In one embodiment of the present invention, a method for separating a plurality of signals provided by a respective plurality of sources and received by an array comprising a plurality of elements, includes generating a separation matrix as a function of time differences between receipt of the plurality of signals by the plurality of elements and a spatial fourth order cumulant matrix pencil. The method also includes multiplying the separation matrix by a matrix representation of the plurality of signals.
In another embodiment of the present invention, a system for separating a plurality of signals provided by a respective plurality of sources includes a receiver for receiving the plurality of signals and for providing received signals. The system also includes a signal processor for receiving the received signals, generating a separation matrix, and multiplying the separation matrix by a matrix representation of the received signals. The separation matrix is a function of time differences between receipt of the plurality of signals by the receiver and a function of a spatial fourth order cumulant matrix pencil.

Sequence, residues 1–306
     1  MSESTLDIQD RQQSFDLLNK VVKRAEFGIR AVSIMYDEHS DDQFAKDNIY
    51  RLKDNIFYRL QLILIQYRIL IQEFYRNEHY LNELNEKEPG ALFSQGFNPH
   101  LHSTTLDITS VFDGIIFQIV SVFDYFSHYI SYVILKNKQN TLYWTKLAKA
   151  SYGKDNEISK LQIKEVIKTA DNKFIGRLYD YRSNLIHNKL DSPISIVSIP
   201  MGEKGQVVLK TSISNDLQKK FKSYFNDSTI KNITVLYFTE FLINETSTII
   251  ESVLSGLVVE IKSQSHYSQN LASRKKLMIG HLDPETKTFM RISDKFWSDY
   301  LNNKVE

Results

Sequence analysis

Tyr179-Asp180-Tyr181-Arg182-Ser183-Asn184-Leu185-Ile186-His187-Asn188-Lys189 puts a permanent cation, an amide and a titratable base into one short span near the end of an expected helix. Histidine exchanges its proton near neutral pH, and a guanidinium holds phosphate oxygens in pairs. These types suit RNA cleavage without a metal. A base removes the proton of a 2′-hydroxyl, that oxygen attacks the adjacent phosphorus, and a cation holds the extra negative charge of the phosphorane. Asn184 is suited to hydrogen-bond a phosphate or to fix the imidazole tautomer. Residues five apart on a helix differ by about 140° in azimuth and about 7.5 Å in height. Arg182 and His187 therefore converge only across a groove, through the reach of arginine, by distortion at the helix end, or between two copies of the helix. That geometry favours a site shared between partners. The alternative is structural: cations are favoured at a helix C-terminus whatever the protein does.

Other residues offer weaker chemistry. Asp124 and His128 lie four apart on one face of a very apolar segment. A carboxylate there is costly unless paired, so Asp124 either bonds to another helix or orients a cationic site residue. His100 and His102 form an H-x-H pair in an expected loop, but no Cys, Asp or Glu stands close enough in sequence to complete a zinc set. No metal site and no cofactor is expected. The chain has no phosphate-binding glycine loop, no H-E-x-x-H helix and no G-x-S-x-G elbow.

In the drawings:
FIG. 1 is a functional block diagram of a system for performing blind source separation utilizing a spatial fourth order cumulant matrix pencil in accordance with an embodiment of the present invention;
FIG. 2 is an illustration of signal source, array elements, and a processor for performing array signal processing and BSS processing in accordance with an embodiment of the present invention;
FIG. 3 is an illustration of a MIMO blind channel estimation scenario showing five unknown sources having distinct radiating patterns and five sensors having distinct receiving patterns;
FIG. 4 is a graphical illustration of time delays between sensors and sources;